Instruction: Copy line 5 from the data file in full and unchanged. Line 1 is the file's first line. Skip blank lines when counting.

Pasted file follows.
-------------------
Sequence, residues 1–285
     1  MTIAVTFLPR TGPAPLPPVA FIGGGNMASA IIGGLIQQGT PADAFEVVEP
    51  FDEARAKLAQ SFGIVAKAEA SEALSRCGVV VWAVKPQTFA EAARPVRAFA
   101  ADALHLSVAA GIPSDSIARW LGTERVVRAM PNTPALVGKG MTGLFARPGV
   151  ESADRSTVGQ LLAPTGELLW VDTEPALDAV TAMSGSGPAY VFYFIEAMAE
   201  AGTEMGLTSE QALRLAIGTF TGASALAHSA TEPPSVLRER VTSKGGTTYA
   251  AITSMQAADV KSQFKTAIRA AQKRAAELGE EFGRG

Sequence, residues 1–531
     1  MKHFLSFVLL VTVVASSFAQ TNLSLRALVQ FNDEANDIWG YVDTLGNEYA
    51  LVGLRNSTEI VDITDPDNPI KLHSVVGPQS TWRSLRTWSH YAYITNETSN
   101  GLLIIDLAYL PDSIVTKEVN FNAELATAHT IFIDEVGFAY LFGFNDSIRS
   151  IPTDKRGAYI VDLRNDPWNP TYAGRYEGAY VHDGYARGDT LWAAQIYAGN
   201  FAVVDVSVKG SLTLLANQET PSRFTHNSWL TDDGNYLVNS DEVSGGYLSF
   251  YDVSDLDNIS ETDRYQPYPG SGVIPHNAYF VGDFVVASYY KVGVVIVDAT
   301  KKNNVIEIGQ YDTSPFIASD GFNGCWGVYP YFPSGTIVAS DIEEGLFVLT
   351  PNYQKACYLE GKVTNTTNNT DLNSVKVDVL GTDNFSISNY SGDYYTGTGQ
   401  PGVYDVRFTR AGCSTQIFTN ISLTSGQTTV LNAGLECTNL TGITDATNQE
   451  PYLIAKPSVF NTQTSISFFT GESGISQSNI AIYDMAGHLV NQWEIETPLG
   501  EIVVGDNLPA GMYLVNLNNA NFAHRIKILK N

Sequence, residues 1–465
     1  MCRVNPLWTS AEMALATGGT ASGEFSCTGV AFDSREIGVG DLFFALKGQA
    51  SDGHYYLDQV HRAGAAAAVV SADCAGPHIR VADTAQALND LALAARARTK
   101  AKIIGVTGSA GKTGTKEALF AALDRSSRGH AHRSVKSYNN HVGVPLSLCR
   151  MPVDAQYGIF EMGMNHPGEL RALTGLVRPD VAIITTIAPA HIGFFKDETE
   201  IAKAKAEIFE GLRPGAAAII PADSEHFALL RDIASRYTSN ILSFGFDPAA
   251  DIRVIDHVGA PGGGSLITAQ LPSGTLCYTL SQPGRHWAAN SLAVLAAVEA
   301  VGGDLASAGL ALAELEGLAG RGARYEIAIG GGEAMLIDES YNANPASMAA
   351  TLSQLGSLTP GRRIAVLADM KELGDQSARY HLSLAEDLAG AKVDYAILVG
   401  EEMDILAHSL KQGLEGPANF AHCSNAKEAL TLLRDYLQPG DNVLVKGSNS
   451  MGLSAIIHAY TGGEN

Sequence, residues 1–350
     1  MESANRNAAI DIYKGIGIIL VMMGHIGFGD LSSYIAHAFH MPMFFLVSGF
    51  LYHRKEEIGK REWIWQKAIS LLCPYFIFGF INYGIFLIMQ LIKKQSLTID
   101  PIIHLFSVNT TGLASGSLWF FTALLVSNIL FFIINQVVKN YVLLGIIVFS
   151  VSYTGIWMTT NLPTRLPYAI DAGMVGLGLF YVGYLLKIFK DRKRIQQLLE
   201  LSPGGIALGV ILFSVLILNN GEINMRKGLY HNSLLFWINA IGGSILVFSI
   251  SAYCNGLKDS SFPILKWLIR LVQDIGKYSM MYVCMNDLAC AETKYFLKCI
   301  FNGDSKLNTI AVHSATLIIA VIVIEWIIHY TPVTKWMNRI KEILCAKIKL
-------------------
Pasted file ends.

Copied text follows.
   151  ESADRSTVGQ LLAPTGELLW VDTEPALDAV TAMSGSGPAY VFYFIEAMAE